Growing up in Minnesota, Lynn Rank Henry took every art class her school provided. After moving to Georgia and working for years at Georgia State University and then Coca-Cola, her lifelong interest in art pushed her to harness her creative urges and paint.

She loves to travel and has spent many years exploring the United States, Canada, and Europe. Through her travels, she has gained an appreciation for diversity in people, cultures, architecture, and nature. She savors the painting process and picks up her paintbrush as often as she can.

At this time of her life, Lynn is primarily a watercolorist focusing on landscapes, cityscapes, and portraiture.
Lynn's love of watercolors allows her to grasp diverse and unique moments that reflect her love of nature and people. She feels watercolors are much like visual poems, and loves watching the paint melt into the water and thaw the stiffness of the paper.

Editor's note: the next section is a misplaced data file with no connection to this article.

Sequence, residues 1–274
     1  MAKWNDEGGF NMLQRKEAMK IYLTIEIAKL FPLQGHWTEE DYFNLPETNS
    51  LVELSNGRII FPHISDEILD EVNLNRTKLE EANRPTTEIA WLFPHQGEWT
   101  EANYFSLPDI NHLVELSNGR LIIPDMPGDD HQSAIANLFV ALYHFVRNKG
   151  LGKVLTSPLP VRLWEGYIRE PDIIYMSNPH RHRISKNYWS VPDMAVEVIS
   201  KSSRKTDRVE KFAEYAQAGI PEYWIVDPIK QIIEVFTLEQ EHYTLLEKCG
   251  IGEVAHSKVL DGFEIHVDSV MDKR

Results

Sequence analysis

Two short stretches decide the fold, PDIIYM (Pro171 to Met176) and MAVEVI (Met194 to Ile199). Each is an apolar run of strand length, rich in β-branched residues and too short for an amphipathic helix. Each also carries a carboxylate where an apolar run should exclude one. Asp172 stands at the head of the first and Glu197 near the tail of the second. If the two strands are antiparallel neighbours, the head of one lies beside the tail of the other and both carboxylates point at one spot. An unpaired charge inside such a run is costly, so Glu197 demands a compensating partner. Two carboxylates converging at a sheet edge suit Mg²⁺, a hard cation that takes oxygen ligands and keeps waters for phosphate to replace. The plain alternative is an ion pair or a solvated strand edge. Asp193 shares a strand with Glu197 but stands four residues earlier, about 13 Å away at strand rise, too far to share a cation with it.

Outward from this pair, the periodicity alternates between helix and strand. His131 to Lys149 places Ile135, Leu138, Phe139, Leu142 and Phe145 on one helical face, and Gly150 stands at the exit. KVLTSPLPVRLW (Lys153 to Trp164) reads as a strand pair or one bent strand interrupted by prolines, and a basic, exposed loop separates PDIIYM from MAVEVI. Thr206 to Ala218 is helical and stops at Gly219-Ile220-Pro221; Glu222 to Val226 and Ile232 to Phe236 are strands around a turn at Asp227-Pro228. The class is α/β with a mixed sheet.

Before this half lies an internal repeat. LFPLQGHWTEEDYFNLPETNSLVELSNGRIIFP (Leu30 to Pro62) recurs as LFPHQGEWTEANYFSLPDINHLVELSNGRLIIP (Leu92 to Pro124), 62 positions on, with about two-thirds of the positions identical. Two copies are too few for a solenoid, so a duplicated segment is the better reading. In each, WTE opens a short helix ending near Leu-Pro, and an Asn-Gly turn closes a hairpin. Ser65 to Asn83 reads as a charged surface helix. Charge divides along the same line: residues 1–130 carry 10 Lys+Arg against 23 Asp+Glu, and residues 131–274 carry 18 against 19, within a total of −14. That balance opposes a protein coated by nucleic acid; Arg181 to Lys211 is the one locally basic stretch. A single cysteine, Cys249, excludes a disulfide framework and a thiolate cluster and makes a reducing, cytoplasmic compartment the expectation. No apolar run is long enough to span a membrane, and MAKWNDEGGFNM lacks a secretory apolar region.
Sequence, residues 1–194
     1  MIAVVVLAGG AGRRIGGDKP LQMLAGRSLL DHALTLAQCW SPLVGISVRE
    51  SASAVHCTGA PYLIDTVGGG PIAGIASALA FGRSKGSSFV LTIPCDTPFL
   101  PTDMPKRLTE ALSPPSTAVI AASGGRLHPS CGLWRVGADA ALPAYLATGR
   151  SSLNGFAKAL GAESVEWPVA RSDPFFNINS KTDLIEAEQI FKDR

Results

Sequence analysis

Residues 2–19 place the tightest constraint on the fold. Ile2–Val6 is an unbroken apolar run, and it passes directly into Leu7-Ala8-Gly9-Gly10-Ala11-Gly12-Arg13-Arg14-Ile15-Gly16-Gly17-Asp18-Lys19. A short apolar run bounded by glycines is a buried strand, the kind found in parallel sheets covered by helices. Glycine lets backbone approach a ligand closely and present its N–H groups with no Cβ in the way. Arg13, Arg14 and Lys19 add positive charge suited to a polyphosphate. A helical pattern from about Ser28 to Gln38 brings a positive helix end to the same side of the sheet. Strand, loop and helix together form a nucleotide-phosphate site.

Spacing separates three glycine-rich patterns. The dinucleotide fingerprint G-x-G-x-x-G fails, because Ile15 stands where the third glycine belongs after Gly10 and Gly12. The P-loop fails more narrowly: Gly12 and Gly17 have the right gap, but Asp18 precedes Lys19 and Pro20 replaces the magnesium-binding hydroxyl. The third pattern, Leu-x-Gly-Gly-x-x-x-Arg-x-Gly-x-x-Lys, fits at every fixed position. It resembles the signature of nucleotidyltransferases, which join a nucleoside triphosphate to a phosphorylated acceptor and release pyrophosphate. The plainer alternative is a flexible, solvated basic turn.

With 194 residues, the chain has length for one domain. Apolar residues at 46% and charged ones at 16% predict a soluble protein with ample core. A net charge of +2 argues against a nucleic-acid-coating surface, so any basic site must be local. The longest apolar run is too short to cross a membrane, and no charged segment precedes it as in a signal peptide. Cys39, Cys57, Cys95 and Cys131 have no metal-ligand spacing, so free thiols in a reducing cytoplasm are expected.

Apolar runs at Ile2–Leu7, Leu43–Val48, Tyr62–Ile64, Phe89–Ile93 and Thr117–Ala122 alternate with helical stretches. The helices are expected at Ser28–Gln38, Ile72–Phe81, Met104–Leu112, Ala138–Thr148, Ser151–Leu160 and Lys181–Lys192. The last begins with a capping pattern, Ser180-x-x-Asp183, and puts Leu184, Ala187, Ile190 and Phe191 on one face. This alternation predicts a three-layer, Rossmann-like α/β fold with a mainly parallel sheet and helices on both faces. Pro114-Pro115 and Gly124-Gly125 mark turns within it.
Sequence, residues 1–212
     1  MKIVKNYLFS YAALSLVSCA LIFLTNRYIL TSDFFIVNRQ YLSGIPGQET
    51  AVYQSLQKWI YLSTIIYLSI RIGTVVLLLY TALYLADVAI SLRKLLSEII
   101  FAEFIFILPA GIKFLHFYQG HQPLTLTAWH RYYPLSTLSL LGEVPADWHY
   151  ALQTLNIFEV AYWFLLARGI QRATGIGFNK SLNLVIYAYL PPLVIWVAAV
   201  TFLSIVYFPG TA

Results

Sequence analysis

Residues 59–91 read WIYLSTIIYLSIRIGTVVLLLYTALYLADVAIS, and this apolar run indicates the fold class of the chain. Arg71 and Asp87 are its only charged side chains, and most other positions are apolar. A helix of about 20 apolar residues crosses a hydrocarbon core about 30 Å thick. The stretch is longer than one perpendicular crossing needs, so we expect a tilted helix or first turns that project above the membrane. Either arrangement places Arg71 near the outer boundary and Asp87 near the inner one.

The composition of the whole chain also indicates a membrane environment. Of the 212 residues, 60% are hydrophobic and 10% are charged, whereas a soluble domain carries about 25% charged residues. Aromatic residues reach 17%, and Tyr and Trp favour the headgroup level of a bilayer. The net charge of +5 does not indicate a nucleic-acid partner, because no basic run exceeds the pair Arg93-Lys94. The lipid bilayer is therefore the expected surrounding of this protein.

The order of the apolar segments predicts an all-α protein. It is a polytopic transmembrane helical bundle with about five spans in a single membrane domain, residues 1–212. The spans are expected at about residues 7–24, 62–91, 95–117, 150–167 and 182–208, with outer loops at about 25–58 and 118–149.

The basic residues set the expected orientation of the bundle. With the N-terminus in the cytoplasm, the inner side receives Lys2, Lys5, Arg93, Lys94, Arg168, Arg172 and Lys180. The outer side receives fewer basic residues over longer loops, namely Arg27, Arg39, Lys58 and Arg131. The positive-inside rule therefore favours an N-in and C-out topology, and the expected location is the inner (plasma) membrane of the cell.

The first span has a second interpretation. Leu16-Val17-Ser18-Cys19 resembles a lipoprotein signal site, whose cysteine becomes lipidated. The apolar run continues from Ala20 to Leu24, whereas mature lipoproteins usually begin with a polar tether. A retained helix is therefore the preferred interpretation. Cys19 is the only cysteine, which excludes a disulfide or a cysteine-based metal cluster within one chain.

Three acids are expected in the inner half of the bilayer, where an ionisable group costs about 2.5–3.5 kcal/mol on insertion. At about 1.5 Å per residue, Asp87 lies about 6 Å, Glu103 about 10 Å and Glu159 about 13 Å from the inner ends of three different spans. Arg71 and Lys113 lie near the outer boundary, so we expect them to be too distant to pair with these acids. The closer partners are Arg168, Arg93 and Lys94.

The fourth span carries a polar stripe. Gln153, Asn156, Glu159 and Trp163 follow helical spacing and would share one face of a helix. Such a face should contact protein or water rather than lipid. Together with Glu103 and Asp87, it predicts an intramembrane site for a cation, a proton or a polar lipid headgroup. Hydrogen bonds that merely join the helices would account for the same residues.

She is currently attending classes at Kennesaw State University's Continuing Education Program where she met Asa Stigaard. Both artists strive to create paintings that reflect their travels, that are powerful in their visual beauty, and that resonate in some emotional way with the viewer.

Lynn is influenced by masters such as Winslow Homer, John Singer Sargent, and Andrew Wyeth.

She can be reached at

Watercolors exhibit by Ása Stigaard Opens in Art Gallery

Artist Statement:

The arts have always been a big part of Icelandic culture and I was brought up in an environment that fostered a deep appreciation of both art and music. My grandmother was an artist and I used to love watching her paint. Art was my favorite class in school where I developed my first interest in drawing and sketching.

When I left my home country to work for the Embassy of Iceland in Washington D.C., I began a long period of time in which managing my career and raising a family took precedence and overwhelmed my artistic instincts. But I knew how I wanted to spend my time once I retired.